UK MPs could debate a motion accusing former PM Tony Blair of misleading the House of Commons. The motion is for holding parliament in contempt over the 2003 invasion of Iraq.
Conservative party lawmaker David Davis said on Sunday he will present the motion next Thursday. It will reportedly accuse Blair of misleading parliament. If accepted by Speaker of the House John Bercow, MPs could debate it before the summer recess.
"It's a bit like contempt of court, essentially by deceit. If you look just at the debate alone, on five different grounds the House was misled, three in terms of the weapons of mass destruction, one in terms of the UN votes were going, and one in terms of the threat, the risks. He might have done one of those accidentally, but five?" Davis said.
The Chilcot report into the Iraq invasion published Wednesday said the legal basis for the war was reached in a way that was "far from satisfactory." It did not explicitly say it was illegal, however.
Eight months before the 2003 invasion Blair told US President George W. Bush "I will be with you, whatever." The UK sent 45,000 British troops into battle when peace options had not been exhausted, the inquiry said.
Breaking ranks over Iraq
Meanwhile, Blair's deputy prime minister at the time, John Prescott, said on Sunday that Britain had broken international law when it invaded Iraq in 2003.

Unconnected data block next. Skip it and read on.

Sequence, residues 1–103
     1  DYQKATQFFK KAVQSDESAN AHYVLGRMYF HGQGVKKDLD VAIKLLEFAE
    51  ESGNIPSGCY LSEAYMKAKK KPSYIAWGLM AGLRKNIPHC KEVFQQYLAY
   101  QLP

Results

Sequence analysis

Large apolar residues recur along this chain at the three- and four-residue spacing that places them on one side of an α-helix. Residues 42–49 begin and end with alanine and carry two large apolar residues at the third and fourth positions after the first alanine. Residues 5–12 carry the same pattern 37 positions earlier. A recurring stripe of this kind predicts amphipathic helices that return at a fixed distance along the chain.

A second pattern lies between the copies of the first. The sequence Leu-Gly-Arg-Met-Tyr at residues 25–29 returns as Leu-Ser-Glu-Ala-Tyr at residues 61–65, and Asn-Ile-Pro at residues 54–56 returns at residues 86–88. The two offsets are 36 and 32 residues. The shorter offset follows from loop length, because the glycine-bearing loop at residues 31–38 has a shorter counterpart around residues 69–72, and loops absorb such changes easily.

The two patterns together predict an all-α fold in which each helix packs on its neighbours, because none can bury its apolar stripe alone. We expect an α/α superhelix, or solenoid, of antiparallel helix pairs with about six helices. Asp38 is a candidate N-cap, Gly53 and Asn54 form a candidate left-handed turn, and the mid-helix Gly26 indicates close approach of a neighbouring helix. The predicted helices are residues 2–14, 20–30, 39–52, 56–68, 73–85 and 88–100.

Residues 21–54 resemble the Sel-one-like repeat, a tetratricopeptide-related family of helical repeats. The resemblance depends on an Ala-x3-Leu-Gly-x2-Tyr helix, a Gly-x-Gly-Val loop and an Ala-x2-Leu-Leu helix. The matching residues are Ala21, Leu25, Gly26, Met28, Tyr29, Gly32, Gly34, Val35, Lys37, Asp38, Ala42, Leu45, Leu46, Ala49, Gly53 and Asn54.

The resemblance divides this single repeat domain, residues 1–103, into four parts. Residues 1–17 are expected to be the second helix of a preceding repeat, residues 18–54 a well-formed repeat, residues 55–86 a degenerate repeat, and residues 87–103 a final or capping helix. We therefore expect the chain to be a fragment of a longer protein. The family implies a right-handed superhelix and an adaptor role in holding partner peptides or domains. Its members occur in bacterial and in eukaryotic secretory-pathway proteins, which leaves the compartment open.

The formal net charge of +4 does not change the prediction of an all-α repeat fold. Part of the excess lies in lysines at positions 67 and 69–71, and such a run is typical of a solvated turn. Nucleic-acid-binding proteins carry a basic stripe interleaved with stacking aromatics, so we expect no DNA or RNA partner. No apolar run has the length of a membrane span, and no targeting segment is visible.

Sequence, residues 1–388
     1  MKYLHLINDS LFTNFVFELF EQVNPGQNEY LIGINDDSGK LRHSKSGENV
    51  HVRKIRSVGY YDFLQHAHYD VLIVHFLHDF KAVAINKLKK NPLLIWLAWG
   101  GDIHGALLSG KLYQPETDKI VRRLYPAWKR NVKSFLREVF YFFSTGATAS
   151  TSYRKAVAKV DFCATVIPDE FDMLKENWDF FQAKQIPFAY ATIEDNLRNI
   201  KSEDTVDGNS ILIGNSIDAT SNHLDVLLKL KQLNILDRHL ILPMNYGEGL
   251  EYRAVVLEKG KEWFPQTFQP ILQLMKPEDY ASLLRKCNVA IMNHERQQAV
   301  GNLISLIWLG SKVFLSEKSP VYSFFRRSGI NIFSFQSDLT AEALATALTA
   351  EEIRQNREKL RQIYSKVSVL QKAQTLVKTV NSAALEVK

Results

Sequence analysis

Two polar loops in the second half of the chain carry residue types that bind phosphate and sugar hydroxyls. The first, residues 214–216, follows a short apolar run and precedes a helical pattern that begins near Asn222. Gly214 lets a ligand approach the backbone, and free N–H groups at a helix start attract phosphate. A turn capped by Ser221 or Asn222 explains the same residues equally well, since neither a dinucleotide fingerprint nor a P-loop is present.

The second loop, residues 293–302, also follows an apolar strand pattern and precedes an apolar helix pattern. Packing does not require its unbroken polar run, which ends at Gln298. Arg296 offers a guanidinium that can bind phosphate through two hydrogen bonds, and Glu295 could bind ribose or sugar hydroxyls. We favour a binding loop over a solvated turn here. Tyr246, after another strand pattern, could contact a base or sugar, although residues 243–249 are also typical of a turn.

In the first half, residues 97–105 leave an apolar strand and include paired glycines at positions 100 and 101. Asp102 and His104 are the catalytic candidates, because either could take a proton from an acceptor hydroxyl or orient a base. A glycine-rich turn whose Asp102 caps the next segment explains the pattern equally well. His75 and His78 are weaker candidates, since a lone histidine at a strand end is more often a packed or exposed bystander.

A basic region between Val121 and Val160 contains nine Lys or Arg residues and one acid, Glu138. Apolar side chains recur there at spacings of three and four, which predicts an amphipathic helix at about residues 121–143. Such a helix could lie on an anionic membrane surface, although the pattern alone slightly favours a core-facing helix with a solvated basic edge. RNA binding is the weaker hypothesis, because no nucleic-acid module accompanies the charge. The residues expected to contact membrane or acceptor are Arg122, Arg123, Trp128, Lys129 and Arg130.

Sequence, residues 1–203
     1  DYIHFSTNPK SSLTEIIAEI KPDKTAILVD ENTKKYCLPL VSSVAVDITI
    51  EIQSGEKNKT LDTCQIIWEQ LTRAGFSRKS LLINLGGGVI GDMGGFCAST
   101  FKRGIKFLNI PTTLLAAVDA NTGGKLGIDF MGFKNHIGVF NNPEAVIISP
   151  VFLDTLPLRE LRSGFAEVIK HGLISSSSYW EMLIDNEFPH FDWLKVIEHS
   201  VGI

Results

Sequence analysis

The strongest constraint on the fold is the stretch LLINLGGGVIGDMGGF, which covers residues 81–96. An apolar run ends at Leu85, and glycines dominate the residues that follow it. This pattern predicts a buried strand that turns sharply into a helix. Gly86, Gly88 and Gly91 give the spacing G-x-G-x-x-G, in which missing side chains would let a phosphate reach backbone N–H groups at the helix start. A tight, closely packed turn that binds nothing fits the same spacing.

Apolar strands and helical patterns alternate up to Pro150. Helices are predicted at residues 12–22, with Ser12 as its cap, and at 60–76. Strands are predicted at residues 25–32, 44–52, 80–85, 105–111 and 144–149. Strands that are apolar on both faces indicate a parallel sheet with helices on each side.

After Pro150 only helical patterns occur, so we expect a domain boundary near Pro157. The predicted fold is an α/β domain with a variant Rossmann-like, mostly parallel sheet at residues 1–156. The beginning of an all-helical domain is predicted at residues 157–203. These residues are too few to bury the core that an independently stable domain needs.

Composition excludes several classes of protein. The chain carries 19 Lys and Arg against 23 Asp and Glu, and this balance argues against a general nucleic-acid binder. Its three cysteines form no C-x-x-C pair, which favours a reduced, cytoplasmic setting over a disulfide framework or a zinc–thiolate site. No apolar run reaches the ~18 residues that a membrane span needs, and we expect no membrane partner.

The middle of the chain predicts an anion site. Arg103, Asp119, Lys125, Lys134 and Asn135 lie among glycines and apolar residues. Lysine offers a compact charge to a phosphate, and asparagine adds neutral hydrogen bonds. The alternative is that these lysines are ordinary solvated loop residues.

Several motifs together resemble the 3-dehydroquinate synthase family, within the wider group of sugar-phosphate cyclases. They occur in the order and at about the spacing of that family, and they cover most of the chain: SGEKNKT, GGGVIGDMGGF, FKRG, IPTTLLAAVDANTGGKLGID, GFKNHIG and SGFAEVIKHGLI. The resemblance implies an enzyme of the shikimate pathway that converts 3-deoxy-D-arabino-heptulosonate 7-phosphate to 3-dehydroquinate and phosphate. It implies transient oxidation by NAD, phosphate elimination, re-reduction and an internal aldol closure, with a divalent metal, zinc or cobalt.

Prescott, writing in the "Sunday Mirror" newspaper, said he had now changed his view on the legality of the war and criticized Blair for stopping his ministers from fully discussing in advance whether the war would be legal.
"In 2004, the UN Secretary-General Kofi Annan said that as regime change was the prime aim of the Iraq War, it was illegal. With great sadness and anger, I now believe him to be right," Prescott wrote. "I will live with the decision of going to war and its catastrophic consequences for the rest of my life."
Many Britons want Blair to face criminal action over his decision to take military action that led to the deaths of 179 British soldiers and more than 150,000 Iraqi civilians over the following six years. Blair this week voiced "sorrow, regret and apology" over mistakes made in the conflict. But also insisted the war was right and the world was safer without toppled Iraqi dictator Saddam Hussein.
Prescott added that he backed the decision by Labour Party leader Jeremy Corbyn - a veteran anti-war campaigner and critic of Blair - to apologies for the war on behalf of the party.
jbh/sms (AFP, Reuters)